Large-angle-diffraction oscillations in the intensity of helium atoms elastically scattered from randomly stepped Pt(111) are reported. A formalism based on the concept of reflection-symmetry interference explains the observed features and the data analysis yields a value of 4.4-4.6 Å for the hard-core repulsive cross section of a single step. The observed oscillations are sensitive to the presence of adsorbates at step sites.

Exact quantum-mechanical calculations are present for He scattering from one-dimensional models of disordered, mixed Xe + Ar overlayers. A time-dependent wavepacket approach is used with a recent technique for solving the Schrödinger equation. Results are given for several overlayers of different Xe : Ar concentration ratios. The dependence of scattering intensities on the disordered structures is discussed. The results provide a reference for testing approximations for scattering from disordered surfaces.

Coherent and incoherent elastic scattering of He was observed from Cu(001) and adsorbed layers of CO and Xe. It is shown that specular and off-specular elastic scattering can yield insight into adsorption mechanisms at low coverages. The variation of incoherent elastic scattering with coverage shows different behavior for CO (random) and Xe (island) adsorption. A maximum appears in the incoherent elastic for CO as predicted theoretically for site adsorption.

The measured velocity dependence of the total scattering cross section for the scattering of He, HD, and D2 by the molecules CH4, N2, O2, NO, CO, HD, and D2 can be described relatively well by a Lennard-Jones-(12.6)-potential. Only for the systems with a CO2 target are large deviations from the L. J.(12,6) predictions found: the measured glory amplitudes are considerably smaller. The deformation of the spherically symmetric potential which must be made in order to fit the CO2 glory pattern is given. Furthermore, the CO2 systems were calculated using an angle-dependent L.J.(12.6)-potential, taking into account only elastic processes. The agreement with the measurements is good.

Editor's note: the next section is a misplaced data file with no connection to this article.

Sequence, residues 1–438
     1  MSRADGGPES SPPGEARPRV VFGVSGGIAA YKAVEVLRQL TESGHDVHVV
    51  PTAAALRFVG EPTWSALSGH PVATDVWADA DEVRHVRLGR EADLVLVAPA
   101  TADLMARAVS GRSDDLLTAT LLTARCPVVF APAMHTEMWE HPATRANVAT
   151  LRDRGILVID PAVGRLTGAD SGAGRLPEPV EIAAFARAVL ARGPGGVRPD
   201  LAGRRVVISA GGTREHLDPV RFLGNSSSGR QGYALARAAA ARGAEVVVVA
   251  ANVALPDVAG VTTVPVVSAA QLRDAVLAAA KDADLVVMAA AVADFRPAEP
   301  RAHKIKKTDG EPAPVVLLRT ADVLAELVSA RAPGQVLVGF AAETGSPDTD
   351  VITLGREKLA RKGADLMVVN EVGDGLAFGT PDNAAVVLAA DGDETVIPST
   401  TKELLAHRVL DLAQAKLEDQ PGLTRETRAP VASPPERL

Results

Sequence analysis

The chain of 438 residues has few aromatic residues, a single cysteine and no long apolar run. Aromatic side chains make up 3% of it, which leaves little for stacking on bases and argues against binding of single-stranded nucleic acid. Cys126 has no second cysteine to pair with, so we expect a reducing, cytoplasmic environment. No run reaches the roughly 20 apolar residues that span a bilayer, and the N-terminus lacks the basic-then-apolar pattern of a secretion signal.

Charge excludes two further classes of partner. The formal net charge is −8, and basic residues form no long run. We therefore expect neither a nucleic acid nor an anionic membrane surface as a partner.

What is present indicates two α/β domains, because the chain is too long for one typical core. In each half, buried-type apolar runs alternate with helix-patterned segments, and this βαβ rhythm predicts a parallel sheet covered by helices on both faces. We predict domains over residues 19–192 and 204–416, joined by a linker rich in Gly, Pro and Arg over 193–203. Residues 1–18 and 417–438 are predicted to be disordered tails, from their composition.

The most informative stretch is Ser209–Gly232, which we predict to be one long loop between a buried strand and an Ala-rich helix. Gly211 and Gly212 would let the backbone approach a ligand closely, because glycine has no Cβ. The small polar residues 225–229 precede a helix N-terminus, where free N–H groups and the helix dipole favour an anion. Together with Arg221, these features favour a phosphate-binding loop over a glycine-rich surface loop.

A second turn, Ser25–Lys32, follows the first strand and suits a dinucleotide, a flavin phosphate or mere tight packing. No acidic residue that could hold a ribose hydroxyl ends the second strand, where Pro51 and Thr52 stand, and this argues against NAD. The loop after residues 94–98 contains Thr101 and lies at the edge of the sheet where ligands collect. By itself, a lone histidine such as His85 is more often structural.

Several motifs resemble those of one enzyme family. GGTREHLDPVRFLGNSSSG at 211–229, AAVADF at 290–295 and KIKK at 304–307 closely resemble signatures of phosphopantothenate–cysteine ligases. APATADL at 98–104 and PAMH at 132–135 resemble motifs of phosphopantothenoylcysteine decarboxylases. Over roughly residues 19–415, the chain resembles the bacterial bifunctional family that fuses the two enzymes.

A brief commentary is presented on the strengths and limitations of various probes of surface structure presently in use. The sensitivity of He diffraction to structure is examined in more detail. The requirements for an open lattice, compared with the scattering cross-section of He, is displayed graphically based on analytical expressions for the He surface potential. The sensitivity argument is highlighted with experimental data as examples. Recent He diffraction studies of open semiconductor surfaces are then specifically discussed to demonstrate the nature of the topographical information which can be extracted.

The van der Waals interaction between an atom and an adsorbate consists of the usual two-body direct interaction as well as three-body interactions from the image force and an interference effect. The three-body interactions are caused by the presence of the surface and render the resulting potential anisotropic even when the adsorbate is spherically symmetrical. Expressions for the leading coefficients of the van der Waals forces and the corresponding reference-plane positions are given in terms of the polarizabilities of the atom, the adsorbate and the substrate. A theory of atomic scattering from a single adsorbate is given and numerical results for the total cross-sections of the He–Xe/Ag system are presented.